Are they still talking gospel to the people? If so, their voices must sound strange…

by Purple Wyrm on October 7, 2006

Jericho is turning out to be not bad at all. A bit overwrought at times, but all in all an enjoyable watch. The one weird thing though is as much as I enjoy watching it, it always leaves me feeling all wound up and anxious in the pit of my stomach.

I put this down to my being a child of the 80’s. Back then we were all living under the threat of the bomb. Every moment of every day we knew in the back of our minds that without warning some idiot in Washington or the Kremlin could hit the button and incinerate us all over some stupid point of political ideology. It was there all the time, much like the threat of terrorism today but worse because while a terrorist attack can kill hundreds, nuclear war would kill everyone. So I reckon Jericho freaks me out on some deep level because it’s the stuff of my generation’s childhood nightmares.

I’m still going to watch it though 🙂

Next week is the fourth episode. The adds are terribly cryptic as usual, but I strongly suspect that a wave of desperate refugees from Denver is about to descend on the town, and drama shall ensue. This supposition has got me thinking about how a society could actually cope with people abandoning the big population centers and descending on small towns, and I’ve come up with some novel ideas that I shall now inflict on the world in general 🙂

(On a side note we’re seeing each episode of Jericho only a few hours after it premieres in the States, which makes a fantastic change. The usual lag for American TV is six months to two years. I suspect someone in Hollywood has finally twigged that the best way to prevent torrent piracy isn’t legal action, it’s giving international audiences the ability to see the shows legally without having to wait for ‘ing months).

So, here’s my idea. You put legislation in place (in peacetime so people have the time to get used to it and make preparations) that in a time of emergency every settlement of more than 100 people is legally required to take in refugees equal to 5% of the population (you also provide government funding to help towns get the necessary facilities in place – extra hospital beds, emergency shelters and food supplies, etc). Jericho for example is a town of about 5000 people, so in an emergency it would be legally required to take in 250 refugees. Once those refugees have been taken in the settlement is perfectly within its rights to tell everyone else to move on, and can enforce that right by any means necessary.

Who gets accepted as a refugee is based on a priority system. The highest priority are the critically injured, the chronically ill, the elderly (let’s say over 65), and children under 16 and their parents/guardians. The first 250 (since we’re continuing to use Jericho as an example) of those people to turn up in town are taken in. The rest are given cursory medical treatment, some water, and told to keep on down the road to the next settlement.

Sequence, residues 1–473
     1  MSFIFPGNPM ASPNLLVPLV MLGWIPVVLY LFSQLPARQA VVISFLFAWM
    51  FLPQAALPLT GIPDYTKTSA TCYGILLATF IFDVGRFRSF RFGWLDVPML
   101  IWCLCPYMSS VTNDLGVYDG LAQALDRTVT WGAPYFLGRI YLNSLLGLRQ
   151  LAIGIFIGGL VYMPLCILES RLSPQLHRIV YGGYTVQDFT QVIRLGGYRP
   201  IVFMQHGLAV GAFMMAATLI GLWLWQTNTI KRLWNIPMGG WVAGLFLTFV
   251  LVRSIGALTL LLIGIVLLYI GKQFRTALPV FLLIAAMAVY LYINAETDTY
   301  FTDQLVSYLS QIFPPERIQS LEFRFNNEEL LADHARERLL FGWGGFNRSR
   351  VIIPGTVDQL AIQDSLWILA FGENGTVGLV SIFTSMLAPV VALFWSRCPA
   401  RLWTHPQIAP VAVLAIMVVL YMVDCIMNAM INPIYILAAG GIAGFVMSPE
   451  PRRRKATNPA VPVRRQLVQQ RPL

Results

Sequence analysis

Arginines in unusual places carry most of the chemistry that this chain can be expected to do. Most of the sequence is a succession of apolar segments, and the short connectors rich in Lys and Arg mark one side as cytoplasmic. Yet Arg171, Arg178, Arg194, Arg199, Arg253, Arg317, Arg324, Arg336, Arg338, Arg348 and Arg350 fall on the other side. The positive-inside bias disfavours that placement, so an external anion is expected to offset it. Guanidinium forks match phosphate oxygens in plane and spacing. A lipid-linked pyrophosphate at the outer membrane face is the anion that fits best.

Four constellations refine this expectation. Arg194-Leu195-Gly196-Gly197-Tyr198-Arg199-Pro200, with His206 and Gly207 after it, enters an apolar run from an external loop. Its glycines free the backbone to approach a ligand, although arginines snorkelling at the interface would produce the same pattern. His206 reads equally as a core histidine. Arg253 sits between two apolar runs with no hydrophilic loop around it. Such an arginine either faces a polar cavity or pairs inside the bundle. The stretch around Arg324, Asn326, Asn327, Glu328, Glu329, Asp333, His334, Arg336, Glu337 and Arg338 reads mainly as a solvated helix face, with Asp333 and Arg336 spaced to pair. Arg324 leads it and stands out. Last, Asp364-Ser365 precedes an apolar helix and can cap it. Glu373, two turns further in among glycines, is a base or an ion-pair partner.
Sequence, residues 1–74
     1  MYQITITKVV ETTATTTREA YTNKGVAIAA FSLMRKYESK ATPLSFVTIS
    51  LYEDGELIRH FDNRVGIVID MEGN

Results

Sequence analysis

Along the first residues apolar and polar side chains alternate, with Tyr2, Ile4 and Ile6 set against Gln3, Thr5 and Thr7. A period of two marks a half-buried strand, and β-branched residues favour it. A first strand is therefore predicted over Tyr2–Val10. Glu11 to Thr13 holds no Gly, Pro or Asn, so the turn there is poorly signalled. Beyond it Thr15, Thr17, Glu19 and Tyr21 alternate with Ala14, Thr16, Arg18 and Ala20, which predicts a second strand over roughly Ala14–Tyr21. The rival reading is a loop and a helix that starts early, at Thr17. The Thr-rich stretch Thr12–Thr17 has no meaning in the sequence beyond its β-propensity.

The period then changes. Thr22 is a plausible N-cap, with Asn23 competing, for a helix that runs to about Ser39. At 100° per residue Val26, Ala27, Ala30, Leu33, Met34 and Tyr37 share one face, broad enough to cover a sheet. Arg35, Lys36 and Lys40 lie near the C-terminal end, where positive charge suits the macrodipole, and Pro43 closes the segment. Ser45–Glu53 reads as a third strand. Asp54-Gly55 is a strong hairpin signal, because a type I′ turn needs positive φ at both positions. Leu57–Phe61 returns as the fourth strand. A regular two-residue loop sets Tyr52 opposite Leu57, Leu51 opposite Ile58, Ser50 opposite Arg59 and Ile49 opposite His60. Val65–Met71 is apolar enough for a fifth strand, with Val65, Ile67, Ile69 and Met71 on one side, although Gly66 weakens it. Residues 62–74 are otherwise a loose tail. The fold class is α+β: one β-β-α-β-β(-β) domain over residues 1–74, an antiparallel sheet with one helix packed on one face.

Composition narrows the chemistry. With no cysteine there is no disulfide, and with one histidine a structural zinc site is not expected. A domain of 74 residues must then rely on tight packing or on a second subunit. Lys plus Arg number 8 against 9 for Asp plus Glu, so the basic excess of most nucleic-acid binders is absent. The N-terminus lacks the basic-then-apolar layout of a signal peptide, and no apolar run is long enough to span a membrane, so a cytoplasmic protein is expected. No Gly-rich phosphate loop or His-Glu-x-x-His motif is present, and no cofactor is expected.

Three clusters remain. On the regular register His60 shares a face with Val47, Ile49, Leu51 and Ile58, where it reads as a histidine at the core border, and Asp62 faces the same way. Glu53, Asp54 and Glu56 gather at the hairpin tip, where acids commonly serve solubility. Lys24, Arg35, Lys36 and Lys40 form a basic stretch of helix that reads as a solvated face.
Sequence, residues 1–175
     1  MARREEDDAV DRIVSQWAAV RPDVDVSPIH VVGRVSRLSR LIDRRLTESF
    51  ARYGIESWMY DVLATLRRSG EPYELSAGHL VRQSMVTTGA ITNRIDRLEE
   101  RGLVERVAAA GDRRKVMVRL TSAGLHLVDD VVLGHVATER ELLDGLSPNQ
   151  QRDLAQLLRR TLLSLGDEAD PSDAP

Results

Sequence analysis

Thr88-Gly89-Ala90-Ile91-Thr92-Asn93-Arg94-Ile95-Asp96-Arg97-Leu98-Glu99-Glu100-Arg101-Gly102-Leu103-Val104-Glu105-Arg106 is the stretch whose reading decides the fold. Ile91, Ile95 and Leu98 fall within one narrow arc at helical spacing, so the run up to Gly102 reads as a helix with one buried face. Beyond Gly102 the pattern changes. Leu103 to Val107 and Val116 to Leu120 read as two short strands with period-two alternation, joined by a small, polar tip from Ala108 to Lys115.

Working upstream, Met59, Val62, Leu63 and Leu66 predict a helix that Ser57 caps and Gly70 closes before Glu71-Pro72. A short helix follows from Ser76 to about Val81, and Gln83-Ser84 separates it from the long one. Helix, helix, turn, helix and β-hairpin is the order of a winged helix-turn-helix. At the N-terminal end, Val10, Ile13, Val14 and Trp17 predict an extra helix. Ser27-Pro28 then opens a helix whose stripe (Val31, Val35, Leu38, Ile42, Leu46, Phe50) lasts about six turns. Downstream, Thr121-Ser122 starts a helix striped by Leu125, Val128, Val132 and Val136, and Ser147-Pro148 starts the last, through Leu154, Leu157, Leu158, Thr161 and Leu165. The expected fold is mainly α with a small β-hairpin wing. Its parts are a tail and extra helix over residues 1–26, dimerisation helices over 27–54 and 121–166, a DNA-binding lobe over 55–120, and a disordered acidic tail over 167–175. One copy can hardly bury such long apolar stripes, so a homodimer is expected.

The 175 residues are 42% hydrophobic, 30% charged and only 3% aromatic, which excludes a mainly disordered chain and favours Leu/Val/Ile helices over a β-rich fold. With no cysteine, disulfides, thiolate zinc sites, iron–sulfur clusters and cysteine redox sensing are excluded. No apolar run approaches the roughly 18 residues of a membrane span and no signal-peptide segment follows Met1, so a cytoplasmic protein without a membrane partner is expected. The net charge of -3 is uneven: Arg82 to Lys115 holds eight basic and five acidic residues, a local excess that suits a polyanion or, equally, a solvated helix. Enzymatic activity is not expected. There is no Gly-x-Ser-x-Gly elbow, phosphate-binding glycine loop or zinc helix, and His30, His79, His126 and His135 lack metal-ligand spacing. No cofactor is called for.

To help the settlements taking in refugees cope, there would be a special provision for medical staff, military and emergency services personnel – 10% of the refugee intake can be allocated to these people at the town’s discretion. So Jericho could take 25 firefighters, cops or paramedics (if they’re available) in place of 25 higher priority refugees.

The diaspora from the city would spread out across the countryside with the weakest finding help and shelter almost immediately, and those able to go further going further. The majority of people would end up somewhere safe and have their needs met, and no settlement would be crushed under the pressure.

Now all of this probably sounds pretty harsh, but it’s meant to be. The situation portrayed in Jericho is harsh – a small town about to be swamped by thousands of desperate people seeking food, water, shelter and medical assistance. Incredibly hard decisions would have to be made and then enforced if anyone were to survive. The idea of the laws described above is to take those awful, inhuman decisions away from the townsfolk, give them a clear framework to work with, and provide the right to defend their home and themselves against the desperate hordes that would otherwise destroy them. It would also give the refugees a clear idea of what to expect, reducing some of the panic and violence that might otherwise ensue.

So yeah, that’s my plan for large scale, distributed Civil Defence. Not bad eh? ;D

I’m out of food, so I’m going to go shopping now.

PS: You may well be wondering what any of this has to do with “talking gospel”. Well, absolutely nothing! I just woke up with that phrase in my head the other morning and thought it was too good to waste. I have vague impression it’s got something to do with Al Jolson in minstrel makeup riding up and down a beach on a jet ski yelling at people, but any deeper significance is forever lost in the world of dreams 🙂

PPS: What!? Wikipedia is down! But it’s the source of all human knowledge!! How can I be sure that my links about Al Jolson and racist entertainment practises of the early 20th century are correct?!?

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